The latest generation of green Danish homes go beyond net-zero–i.e., producing as much energy as they consume–to grid positive, meaning they can generate enough energy to cover their own needs and sell power back to the grid. Is this our distributed power future?
The Danish Home for Life prototype looks, in many ways, like an ordinary, modern home. But integrated into the design of this building are photovoltaic solar panels, heat pumps, triple glazed windows with thermal properties and automated blinds, allowing a powerful sensor system (in communication with an outside weather station) to maintain steady indoor temperatures no matter what Mother Nature may bring. According to VKR Holding, the designers behind Home for Life, the residence ought to use about 60 percent of the energy of a traditional single-family house in Denmark: 15 kWh per square meter per year for lighting, household appliances, and running the active components of the house and 32 kWh/m² per year for hot water and heating. Heating consumption is where this home really shines, using just half that of an ordinary Danish home.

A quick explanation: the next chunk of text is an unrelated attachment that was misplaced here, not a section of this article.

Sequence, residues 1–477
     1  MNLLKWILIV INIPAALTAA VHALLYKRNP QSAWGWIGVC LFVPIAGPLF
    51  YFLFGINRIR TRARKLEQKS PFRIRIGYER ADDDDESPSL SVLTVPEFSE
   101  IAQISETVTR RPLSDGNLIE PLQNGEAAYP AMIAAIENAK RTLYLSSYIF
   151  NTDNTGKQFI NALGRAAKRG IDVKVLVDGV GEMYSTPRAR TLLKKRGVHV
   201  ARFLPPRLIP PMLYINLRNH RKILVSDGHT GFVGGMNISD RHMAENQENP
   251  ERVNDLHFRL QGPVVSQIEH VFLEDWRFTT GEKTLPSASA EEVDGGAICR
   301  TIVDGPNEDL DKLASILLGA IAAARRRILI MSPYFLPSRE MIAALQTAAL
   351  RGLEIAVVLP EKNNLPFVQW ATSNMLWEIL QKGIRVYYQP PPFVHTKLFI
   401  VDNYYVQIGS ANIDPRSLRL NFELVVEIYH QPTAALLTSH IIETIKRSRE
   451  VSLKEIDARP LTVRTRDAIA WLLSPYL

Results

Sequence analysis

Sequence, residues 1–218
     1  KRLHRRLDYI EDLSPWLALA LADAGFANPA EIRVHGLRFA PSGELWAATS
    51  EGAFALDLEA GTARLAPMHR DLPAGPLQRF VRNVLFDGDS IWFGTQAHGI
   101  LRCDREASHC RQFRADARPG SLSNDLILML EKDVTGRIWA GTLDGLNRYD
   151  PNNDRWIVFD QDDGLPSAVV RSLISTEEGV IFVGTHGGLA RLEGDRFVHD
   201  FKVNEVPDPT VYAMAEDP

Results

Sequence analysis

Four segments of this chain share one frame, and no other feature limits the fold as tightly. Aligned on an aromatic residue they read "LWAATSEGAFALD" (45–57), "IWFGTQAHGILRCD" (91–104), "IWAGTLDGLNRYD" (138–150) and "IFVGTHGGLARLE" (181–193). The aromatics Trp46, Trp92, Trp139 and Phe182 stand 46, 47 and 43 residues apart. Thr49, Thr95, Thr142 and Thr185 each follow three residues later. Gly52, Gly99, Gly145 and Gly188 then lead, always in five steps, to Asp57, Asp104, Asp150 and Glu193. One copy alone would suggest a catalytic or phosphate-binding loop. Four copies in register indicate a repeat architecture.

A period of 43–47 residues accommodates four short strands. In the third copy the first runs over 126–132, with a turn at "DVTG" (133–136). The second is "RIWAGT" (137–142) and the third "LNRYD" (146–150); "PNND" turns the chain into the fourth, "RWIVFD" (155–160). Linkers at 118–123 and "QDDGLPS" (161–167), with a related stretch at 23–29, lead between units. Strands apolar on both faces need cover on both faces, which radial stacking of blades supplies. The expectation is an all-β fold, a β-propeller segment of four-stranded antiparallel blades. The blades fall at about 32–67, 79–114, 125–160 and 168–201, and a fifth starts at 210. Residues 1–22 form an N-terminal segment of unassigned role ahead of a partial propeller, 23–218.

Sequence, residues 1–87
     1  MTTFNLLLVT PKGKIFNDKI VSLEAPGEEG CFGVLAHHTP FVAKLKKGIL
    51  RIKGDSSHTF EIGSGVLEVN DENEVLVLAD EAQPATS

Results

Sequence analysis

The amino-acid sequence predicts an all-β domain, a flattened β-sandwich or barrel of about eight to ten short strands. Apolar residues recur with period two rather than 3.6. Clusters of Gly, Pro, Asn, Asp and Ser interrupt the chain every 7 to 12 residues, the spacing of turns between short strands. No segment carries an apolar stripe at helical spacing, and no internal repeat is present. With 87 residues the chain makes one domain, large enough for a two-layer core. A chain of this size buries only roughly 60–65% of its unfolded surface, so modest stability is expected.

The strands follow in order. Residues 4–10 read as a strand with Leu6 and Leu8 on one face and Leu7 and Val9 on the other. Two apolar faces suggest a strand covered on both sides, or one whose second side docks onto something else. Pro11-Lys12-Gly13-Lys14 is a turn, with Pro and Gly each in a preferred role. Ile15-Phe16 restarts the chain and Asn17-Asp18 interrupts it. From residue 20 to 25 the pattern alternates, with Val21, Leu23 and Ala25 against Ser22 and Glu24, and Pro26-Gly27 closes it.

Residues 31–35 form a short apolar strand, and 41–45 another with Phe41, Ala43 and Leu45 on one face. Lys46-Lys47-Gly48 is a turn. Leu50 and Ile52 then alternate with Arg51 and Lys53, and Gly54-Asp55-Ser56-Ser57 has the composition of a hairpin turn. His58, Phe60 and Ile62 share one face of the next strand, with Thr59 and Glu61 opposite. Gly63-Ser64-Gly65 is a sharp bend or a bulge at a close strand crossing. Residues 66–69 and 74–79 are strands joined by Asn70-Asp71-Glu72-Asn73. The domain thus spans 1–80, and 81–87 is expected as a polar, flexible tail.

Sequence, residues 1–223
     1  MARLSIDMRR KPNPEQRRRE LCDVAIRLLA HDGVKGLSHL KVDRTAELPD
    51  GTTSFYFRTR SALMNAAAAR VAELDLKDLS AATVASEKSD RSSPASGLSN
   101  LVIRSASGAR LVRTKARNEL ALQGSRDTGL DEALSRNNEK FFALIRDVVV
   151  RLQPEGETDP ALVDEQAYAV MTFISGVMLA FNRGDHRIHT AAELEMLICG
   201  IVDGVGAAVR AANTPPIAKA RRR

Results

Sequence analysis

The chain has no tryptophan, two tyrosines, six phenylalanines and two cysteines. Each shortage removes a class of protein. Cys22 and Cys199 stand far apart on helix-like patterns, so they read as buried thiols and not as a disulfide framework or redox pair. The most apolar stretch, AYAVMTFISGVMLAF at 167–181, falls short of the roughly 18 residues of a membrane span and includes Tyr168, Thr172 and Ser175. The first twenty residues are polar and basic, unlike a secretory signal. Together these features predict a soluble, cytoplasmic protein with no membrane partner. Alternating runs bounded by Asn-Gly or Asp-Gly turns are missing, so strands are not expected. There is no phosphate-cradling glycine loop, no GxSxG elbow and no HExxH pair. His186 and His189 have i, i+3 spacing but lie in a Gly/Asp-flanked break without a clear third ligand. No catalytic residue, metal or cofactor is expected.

If all of this high-tech automation sounds expensive, it is: $700,000 is what it costs to build. RedFerret points out that while this is a big number, it’s not astronomical, and the designers say that this house can pay for itself inside of 40 years (perhaps that’s why they decided to call it Home for Life). Still, as the cost to fuel equation shifts, and the benefits of distributed power become more apparent to state and local agencies, a house that generates a surplus of about 9 kWh/m² per year might begin to look a lot more cost effective.